KNIGHTSTOWN, Ind. -- There is only one tiny, little problem with holding an annual 1950s-retro high school all-star basketball game in the same gym where "Hoosiers" was filmed:
While everyone is more than happy to wear the Hickory High jerseys and pretend they're Jimmy Chitwood sinking shot after reliable shot, who wants to wear those damn tight satin basketball shorts these days?
"The style of the time when the movie was made was the short-style shorts and then what became popular in the modern times is shorts that go down to the knees," said Merv Kilmer, who helps oversee the game and the gym. "So what we did is compromise and they play in shorts that go down to about mid-thigh."
A history of Hoosiers
To get a better appreciation of where the whole "Hoosiers" phenomenon began, click here for images of Hoosier Gym in Knightstown, Ind.
Meanwhile, Jim Caple offers up a couple of video segments about how basketball in Indiana helped shape the formation of the movie "Hoosiers" and its settings:
It's a concession to fashion so sensible perhaps only the incomprehensibly dour Myra Fleener would not approve.
Butler University's run to the Final Four this spring brought the spotlight to the Bulldogs' 78-year-old Hinkle Fieldhouse, the location for the climactic state championship game in "Hoosiers."
Hinkle Fieldhouse is a wonderful place well worth a visit, but for a better taste of "Hoosiers" you should drive about 45 minutes east of Butler and Indianapolis, to Knightstown. That's where, not far off U.S. Highway 40, you'll find Hoosier Gym (355 N. Washington St.), which served as the home court for the movie's Hickory High School. It also tops our list of the five best sports movie sites to tour. (Click here to see the rest of the list.)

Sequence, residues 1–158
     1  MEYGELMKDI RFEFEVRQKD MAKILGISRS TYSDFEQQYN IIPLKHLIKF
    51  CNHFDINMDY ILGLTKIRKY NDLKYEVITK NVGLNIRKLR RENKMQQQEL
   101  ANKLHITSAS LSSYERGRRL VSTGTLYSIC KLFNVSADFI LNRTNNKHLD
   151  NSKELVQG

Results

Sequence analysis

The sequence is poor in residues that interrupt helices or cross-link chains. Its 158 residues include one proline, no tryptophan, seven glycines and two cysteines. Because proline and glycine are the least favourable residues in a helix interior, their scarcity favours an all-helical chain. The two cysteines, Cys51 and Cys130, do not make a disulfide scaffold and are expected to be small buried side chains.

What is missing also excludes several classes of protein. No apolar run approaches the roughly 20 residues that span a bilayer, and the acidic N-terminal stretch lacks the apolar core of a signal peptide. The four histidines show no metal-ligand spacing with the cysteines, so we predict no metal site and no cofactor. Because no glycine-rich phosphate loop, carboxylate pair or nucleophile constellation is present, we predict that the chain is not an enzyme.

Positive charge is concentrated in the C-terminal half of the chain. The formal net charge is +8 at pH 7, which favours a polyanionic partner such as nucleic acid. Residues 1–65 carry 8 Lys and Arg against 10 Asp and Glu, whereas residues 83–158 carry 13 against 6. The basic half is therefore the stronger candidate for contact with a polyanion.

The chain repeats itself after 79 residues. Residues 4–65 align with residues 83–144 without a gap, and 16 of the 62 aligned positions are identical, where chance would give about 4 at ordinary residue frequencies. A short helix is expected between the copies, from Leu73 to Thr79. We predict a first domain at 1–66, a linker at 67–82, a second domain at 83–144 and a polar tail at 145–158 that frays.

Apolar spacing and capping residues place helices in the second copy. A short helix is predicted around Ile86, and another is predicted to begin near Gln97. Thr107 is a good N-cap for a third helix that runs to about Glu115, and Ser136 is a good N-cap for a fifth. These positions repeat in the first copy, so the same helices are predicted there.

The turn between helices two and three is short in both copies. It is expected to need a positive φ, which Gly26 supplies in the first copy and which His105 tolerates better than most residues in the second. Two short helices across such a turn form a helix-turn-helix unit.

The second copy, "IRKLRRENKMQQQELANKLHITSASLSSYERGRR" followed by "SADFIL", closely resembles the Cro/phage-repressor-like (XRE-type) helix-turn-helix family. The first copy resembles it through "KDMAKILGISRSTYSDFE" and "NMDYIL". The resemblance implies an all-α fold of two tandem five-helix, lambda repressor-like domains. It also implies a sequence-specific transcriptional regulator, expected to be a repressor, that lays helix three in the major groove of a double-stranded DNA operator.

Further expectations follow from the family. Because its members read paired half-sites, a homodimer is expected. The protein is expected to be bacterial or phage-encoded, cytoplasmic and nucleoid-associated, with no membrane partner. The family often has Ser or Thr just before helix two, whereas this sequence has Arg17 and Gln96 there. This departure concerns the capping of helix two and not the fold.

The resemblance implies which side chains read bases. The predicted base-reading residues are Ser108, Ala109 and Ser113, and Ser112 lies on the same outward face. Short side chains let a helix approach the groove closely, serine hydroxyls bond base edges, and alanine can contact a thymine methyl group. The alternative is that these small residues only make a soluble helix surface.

Everyone from Larry Bird to Greg Oden has shot baskets at Hoosier Gym, and it has been so carefully preserved since the flick was filmed a quarter-century ago that when you walk in, you can practically smell the alcohol on the breath of Dennis Hopper.
The beauty of Hoosier Gym is you not only picture Chitwood sinking shots in the gym, you still can see real-life Chitwoods shooting baskets.
Friday marks the fifth Hoosiers Reunion All-Star Classic, an annual doubleheader featuring the best graduating high school senior boys and girls in Indiana. (Oden would have played in the first game in 2006 but he was hurt. His broken wrist didn't prevent him from suiting up, participating in warm-up drills and signing autographs as best he could.) One team plays while wearing Hickory High uniforms, and the other dons the colors of rival Terhune High.
We can only hope that the coaches take the opportunity to sit down with their teams in the same cramped locker room you see in the movie and firmly tell the players they can't shoot before passing the four times.
Fortunately, you don't have to get your hands on one of the scarce tickets -- only 655 are sold to the public -- to enjoy Hoosier Gym. The gym is open year-round for visitors (a greeter is present from 8 a.m. to 5 p.m. Monday through Saturday and from noon to 5 p.m. on Sundays) and local residents (who use the court for recreational leagues and walk the perimeter for exercise), so a Hoosiers pilgrimage is possible at any time.